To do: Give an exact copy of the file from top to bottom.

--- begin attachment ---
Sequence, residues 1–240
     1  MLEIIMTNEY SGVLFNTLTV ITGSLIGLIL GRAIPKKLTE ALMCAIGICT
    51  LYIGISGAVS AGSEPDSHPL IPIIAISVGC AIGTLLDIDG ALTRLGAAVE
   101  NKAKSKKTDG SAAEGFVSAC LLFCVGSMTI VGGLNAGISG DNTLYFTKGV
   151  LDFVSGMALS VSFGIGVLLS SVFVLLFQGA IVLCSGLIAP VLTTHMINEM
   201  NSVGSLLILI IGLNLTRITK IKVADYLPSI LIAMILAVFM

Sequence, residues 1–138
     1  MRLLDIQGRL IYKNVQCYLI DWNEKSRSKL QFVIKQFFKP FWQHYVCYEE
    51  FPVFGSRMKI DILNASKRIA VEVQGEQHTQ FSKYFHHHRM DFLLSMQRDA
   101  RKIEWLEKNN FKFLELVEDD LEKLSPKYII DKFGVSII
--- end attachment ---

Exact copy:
Sequence, residues 1–240
     1  MLEIIMTNEY SGVLFNTLTV ITGSLIGLIL GRAIPKKLTE ALMCAIGICT
    51  LYIGISGAVS AGSEPDSHPL IPIIAISVGC AIGTLLDIDG ALTRLGAAVE
   101  NKAKSKKTDG SAAEGFVSAC LLFCVGSMTI VGGLNAGISG DNTLYFTKGV
   151  LDFVSGMALS VSFGIGVLLS SVFVLLFQGA IVLCSGLIAP VLTTHMINEM
   201  NSVGSLLILI IGLNLTRITK IKVADYLPSI LIAMILAVFM

Sequence, residues 1–138
     1  MRLLDIQGRL IYKNVQCYLI DWNEKSRSKL QFVIKQFFKP FWQHYVCYEE
    51  FPVFGSRMKI DILNASKRIA VEVQGEQHTQ FSKYFHHHRM DFLLSMQRDA
   101  RKIEWLEKNN FKFLELVEDD LEKLSPKYII DKFGVSII